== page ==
Bell Witch

Mirror Reaper

Written by: AP on 03/04/2018 22:12:57

The metal genre has seen its fair share of ambitious undertakings, and among them it is not out of the ordinary to discover records that consist of only a single song. Boris’ “Flood”, Green Carnation’s “Light of Day, Day of Darkness”, Meshuggah’s “Catch Thirtythree” and Sleep’s “Dopesmoker” are all successful examples of the trade, but even they cannot compare to the audacity of “Mirror Reaper”, the third studio album by the Seattle, WA-born funeral doom metallers Bell Witch. Spanning across 83 minutes, the record is divided into two sections reflecting the Hermetic axiom, ‘as above, so below’, wherein the dualities of life and death, sorrow and respite, and the body and its ghost are explored. In essence, the entire piece is both its own and its reflection — something that the band was keen to emphasise when the title, concept and artwork of “Mirror Reaper” were unveiled, and something that is important to understand in order to appreciate the enormity of what Bell Witch has achieved here.

Funeral doom is universally accepted as a slow and forlorn genre of music, but with “Mirror Reaper”, Bell Witch seems to burrow down to unprecedented depths in that respect. The duo was profoundly affected by the death of their friend and former drummer, Adrian Guerra, in 2016, and that loss is felt in every note struck by bassist Dylan Desmond, and in every languid kick of the bass drum by Guerra’s successor, Jesse Shreibman. Compared with the resplendent grandeur of its predecessor, 2015’s “Four Phantoms”, “Mirror Reaper” leaves the impression that the two grief-stricken musicians have had to drag the sounds out like lead anvils, laboriously scraping together a semblance of hope. The composition trudges forth at a glacial pace thus, mandated as much by the thematic content as by the conventions of the genre, but within the funeral procession, the band makes every moment count in their pursuit of emotional power. Desmond pours his heart and soul into each long, wailing note drawn from the upper register of his six-string bass, clinging to the lurching rhythm and echo of crashing cymbals as he lets out mournful, Gregorian chants from a distance. Shreibman weighs in with deep, guttural growls every now and then, as if to emphasise the juxtaposition upon which the album depends, offering something more tangible against the fleeting voice of his colleague.

The first half an hour of “Mirror Reaper” is spent enveloped by a haunting, portentous atmosphere as tension gradually builds up. There is as much beauty in the things that do not happen as in the things that are audible during this segment, and the band’s abstinence allows the crescendo that ensues to wield even more power. Indeed, the next fifteen minutes — a sequence entitled “The Words of the Dead” — bear witness to a climax, with swathes of organ by Shreibman intertwining with deranged, posthumous screams by the late Guerra, as Desmond carves out his most funereal melodies yet. As the centerpiece of the composition, this transcendental segment rightly feels like the end of one thing and the beginning of another, heartbreaking yet cathartic, as death tends to be for those who must experience it as the audience. In this moment, Bell Witch is both with and without Guerra. Then the waves of noise withdraw and “Mirror Reaper” collapses into its second act, during which the bereaved musicians wade through acres of empty space in search of solace, their instruments ringing lonesomely, endlessly in the silence together with the tenderly lilting voice of Erik Moggridge — their longtime collaborator of Aerial Ruin fame. This long and devastating quietus seems to be a reflection of the emptiness that accompanies loss, the cries that go unheard — until near the end, the weeping bass lead to which the entire song is anchored is reprised one last time in a moment of clarity and deliverance. Having experienced the totality of grief, the band finds a shimmer of hope at last, bringing their monumental eulogy to a conclusion.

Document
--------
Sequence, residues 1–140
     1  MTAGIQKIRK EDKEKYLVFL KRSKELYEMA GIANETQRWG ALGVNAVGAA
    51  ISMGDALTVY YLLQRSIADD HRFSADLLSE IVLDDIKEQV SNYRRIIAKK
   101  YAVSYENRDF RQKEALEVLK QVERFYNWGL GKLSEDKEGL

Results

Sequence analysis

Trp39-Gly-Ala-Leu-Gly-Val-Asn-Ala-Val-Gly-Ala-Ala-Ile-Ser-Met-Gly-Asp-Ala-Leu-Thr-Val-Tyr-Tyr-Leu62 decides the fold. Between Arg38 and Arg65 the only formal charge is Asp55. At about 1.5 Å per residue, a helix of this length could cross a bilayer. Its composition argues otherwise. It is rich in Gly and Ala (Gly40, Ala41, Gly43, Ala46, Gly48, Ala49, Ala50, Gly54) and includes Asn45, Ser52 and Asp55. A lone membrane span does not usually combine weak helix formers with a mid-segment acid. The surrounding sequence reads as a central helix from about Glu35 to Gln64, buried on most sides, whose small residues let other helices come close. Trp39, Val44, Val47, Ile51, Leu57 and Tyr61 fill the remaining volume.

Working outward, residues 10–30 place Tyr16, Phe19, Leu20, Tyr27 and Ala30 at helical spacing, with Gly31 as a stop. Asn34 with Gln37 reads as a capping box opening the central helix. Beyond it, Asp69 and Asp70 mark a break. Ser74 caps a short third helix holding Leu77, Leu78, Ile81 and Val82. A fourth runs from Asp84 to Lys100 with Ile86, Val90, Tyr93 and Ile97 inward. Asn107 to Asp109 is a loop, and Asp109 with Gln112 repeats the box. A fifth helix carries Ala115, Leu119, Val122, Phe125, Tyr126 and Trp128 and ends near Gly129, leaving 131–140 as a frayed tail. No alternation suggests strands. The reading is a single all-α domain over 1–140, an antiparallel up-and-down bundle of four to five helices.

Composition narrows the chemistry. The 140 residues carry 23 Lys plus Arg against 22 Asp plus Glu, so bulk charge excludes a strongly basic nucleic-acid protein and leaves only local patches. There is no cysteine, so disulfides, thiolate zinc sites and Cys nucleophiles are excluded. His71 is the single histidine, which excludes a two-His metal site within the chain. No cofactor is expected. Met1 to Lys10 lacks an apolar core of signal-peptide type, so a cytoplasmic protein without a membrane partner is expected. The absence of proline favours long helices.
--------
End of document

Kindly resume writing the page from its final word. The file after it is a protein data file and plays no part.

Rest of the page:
On paper, 83 minutes of crushing, unyielding funeral doom should turn off all but the most devoted connoisseurs of the genre, yet with “Mirror Reaper”, Bell Witch defies that expectation with a work so elegantly composed, and so total in its expression that anyone who has an interest in art, music or both should be able to appreciate it. Time and patience is required, yes, as well as a love of subtlety, but the investment comes with guaranteed full dividends.

8

Download: Mirror Reaper
For the fans of: Ahab, Lycus, Mournful Congregation
Listen: Facebook

Release date 20.10.2017
Profound Lore

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